As some of you already know, the Center for African Studies at the University of Illinois at Urbana/Champaign sponsored a small invited workshop on August 4-5, 2006, which we titled "Workshop on the Politics of Digital Initiatives Concerning Africa." More about the workshop and articles developed from the themes discussed can be found in the latest issue of Innovation: Journal of Appropriate Librarianship and Information Work in Southern Africa (no. 34, June 2007). Innovation is published at the University of Kwazulu-Natal Library at the Pietermaritzburg campus. The workshop was funded by Title 6 grant money from the U.S. Department of Education.
Sixteen invited librarians, academics, project directors, and foundation representatives from the United States and South Africa with knowledge and experience in African digital projects came together to informally discuss key themes organized into five panels. We also paid attention to the relevance of two ALC and ASA documents in relation to these issues: the "Archives-Libraries Committee Resolution on Migrated Archives" (1977) and the "Guidelines of the African Studies Association for Members' Ethical Conduct in Research and Other Professional Undertakings in Africa" (2005). These are reprinted in Innovation, and the Ethical Conduct Guidelines can be found by using the search box on the ASA website.
Over the last decade, numerous foundations in the United States, including those forming the Partnership for Higher Education in Africa, have provided unprecedented support for the revitalization of African universities and their libraries, especially through digitization of African materials and the development of associated information technologies. North American and European institutions, some in partnership with African institutions, have also undertaken a range of library and archival projects, many focused on digitization. The workshop was aimed at considering the practical and methodological challenges encountered. As opposed to almost all digital workshops and conferences mainly concerned with technical issues, we were particularly interested in the political context for these projects, and the relationships between the US donors and their African partners. The Digital Imaging South Africa (DISA) project was seen as particularly important because of South Africa's role within the African continent and WiderNet's e-Granary Project was discussed as an innovative model. In developing the workshop, we were hoping (and we still hope) that it would prepare the way for a larger international conference to be held in Africa. Perhaps we have made some progress in developing a conception and framework for this larger endeavor.Framework
The workshop was framed by the key questions raised by Michele Pickover (Curator of Manuscripts, Historical Papers at the William Cullen Library, University of the Witwatersrand) in her 2005 article on the politics of archives in South Africa.1 These questions were distributed to the participants when they were invited to facilitate thinking about what we were trying to accomplish. Let me add that Michele Pickover also participated in the workshop. She asked:
In his summary of the issues discussed, David Easterbrook noted the following recurring themes:
"Technology, funding, selection, free accessibility, partnership models, power/political relationships, priority setting, who decides, who benefits, who carries out the work, how used, how organized, what is included..."2
I think David captured the direction of the argument by continuing:
"Clearly technology is driving a great deal of what is happening, and in this setting where technology prevails, we are often so very focused on the technology that the purpose-the ultimate goal-of digital projects becomes less important than the technology. Considerably more attention needs to be given to the question of what is being digitized, who is participating in the decision making process leading to the projects, how the digital information will be used, by whom it will be used, how will it be formatted, and how will it be made accessible. While much discussion even on these topics can be consumed by technological considerations, the balance must be shifted to create a new relationship in the process. New models of engagement by all parties concerned are required if the prevailing patterns are to change."3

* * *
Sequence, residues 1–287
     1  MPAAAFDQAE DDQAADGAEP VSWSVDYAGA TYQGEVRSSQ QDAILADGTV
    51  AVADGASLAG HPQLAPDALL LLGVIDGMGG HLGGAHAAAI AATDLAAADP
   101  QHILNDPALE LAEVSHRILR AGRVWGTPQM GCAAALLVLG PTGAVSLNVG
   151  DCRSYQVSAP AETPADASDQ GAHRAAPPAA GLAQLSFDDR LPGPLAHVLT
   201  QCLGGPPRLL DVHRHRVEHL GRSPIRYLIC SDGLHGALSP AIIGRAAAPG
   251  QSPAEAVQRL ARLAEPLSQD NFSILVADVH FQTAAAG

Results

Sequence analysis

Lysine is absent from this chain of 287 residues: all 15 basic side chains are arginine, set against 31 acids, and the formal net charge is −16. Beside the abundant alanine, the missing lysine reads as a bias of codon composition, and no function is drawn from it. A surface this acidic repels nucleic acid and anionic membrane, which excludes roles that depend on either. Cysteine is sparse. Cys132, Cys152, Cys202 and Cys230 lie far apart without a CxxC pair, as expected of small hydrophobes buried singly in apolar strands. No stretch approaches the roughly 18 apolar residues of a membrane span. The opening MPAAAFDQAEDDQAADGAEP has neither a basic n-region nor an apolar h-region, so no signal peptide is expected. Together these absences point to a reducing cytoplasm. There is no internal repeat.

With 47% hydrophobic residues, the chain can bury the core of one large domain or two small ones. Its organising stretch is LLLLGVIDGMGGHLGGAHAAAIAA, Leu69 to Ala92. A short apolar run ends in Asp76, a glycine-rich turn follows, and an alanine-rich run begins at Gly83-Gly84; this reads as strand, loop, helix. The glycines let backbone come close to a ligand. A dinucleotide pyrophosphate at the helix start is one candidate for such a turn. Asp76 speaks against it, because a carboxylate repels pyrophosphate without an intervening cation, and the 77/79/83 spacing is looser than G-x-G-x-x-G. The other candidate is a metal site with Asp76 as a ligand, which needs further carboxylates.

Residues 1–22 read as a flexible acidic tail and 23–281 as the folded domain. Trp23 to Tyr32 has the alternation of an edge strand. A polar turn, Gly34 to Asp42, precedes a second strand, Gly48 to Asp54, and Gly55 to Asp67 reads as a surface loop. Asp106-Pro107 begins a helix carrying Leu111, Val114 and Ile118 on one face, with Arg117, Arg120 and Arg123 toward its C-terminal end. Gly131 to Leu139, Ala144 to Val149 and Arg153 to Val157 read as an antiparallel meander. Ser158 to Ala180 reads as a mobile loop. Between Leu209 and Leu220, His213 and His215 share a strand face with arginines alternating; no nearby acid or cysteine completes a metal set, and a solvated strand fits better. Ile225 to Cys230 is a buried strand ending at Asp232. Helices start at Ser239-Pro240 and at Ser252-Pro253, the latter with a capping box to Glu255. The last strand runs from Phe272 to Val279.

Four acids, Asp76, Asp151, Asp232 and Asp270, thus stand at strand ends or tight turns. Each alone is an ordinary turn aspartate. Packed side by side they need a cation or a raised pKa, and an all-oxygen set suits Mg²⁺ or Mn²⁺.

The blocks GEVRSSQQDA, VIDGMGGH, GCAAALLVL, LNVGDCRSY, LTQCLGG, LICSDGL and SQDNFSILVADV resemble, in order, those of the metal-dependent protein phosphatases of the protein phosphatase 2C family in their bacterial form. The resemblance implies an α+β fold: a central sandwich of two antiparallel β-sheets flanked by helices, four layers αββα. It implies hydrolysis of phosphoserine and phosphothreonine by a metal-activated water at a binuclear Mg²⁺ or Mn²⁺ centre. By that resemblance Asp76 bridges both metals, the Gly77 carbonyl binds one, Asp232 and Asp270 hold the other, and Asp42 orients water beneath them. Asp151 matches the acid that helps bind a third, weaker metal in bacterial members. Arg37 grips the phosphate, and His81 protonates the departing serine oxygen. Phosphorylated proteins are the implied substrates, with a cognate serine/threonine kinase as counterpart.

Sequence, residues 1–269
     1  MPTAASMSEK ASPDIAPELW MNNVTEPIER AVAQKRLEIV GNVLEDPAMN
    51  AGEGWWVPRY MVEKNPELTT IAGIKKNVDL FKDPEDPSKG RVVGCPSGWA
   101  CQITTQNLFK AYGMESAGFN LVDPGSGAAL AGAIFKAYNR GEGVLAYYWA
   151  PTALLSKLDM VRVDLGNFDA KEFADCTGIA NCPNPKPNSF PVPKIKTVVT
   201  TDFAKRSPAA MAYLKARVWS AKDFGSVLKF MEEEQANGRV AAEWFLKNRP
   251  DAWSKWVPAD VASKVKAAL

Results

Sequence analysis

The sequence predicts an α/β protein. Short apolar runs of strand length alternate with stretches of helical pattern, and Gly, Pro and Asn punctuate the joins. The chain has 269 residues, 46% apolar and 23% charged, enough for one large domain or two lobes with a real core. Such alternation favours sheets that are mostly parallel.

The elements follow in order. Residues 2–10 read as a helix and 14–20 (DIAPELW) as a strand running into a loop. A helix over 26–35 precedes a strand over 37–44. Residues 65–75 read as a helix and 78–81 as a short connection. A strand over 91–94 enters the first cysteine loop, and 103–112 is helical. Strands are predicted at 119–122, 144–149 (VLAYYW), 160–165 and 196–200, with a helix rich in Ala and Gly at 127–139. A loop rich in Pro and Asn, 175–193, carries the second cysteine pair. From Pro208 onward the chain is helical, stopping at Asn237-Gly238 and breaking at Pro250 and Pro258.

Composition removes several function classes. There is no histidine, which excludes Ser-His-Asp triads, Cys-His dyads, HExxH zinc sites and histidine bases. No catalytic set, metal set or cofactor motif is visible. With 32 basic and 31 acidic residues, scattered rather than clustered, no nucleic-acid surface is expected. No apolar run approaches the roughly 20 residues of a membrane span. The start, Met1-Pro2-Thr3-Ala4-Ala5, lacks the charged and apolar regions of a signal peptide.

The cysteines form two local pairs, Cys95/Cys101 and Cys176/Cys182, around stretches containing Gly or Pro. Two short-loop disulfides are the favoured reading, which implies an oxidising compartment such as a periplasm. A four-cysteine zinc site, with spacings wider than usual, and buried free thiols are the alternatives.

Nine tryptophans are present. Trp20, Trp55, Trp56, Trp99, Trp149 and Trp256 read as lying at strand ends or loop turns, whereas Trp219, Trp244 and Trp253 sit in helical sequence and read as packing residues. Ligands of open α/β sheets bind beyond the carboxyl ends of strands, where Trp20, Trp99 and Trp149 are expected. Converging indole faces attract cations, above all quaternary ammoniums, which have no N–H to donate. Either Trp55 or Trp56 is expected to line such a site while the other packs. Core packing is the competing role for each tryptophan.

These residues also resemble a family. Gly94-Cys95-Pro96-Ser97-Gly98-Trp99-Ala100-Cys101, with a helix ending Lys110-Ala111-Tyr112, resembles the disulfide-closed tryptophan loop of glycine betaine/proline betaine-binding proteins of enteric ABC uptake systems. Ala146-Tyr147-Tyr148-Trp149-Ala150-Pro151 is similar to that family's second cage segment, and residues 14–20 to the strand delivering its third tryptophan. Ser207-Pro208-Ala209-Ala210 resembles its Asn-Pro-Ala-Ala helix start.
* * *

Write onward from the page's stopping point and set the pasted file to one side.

Premesh Lalu of the History Department at the University of the Western Cape gave the keynote address, titled "The Virtual Stampede for Africa: Digitisation, Postcoloniality and Archives of the Liberation Struggles in Southern Africa." He addressed different kinds of issues than are normally addressed in the United States, and especially at librarians meetings. Much of what he said contrasted with the technocratic views routinely voiced in the United States. Lalu addressed three themes: the political economy of digitization, the ethics of repatriation, and the intellectual stakes. He reminded us that colonial power had a knowledge base, and that knowledge can again be used to rewrite history. Globalization reinforces the old pattern of the intellectual division of labor: the Western producers vs. the African consumers of knowledge. Combined with the legacies of the Cold War, this makes for particular conditions for the writing of Southern African history. The framing and selection of the documents for digitization must address these historical perspectives. There is a danger that the dominant political forces will control this process. Recalling Pickover, Lalu went on to call for an ethics of repatriation; a moral framework that mandates locating projects in the countries of provenance and mandates local control. As opposed to digitizing whole collections, African digitization projects are often more selective both for financial and political reasons. Instead of making all materials digitally available, Lalu asserts the need to bring people to use the physical archives. Lalu's radical vision immediately provoked much debate.
Now I would like to broaden out the context a little more in noting some of what I said at the first workshop panel. I commented on my very recent experiences (July 2006) at the SCECSAL meeting in Dar es Salaam (Standing Conference of East, Central, and Southern African Library and Information Associations). My talk was titled "Knowledge Management" or "Library Colonialism?" and was fundamentally about agenda setting. The theme of the SCECSAL conference was "knowledge management" which seems problematical and possibly inappropriate for Africa where such a large proportion of people lack any library services whatsoever. It seems to me that the conference organizers where overly influenced by Western librarians and by trying to be on the cutting edge of the profession. "Library colonialism" was the theme of one of the papers given. The juxtaposition of these themes seemed an interesting starting point. I noted that I refused to connect the theme of my pre-conference seminar paper on progressive librarianship to the conference theme of knowledge management. I instead talked about the role of library associations in civil society. This topic may seem a long way from digital projects but the issues around agenda setting are just the same.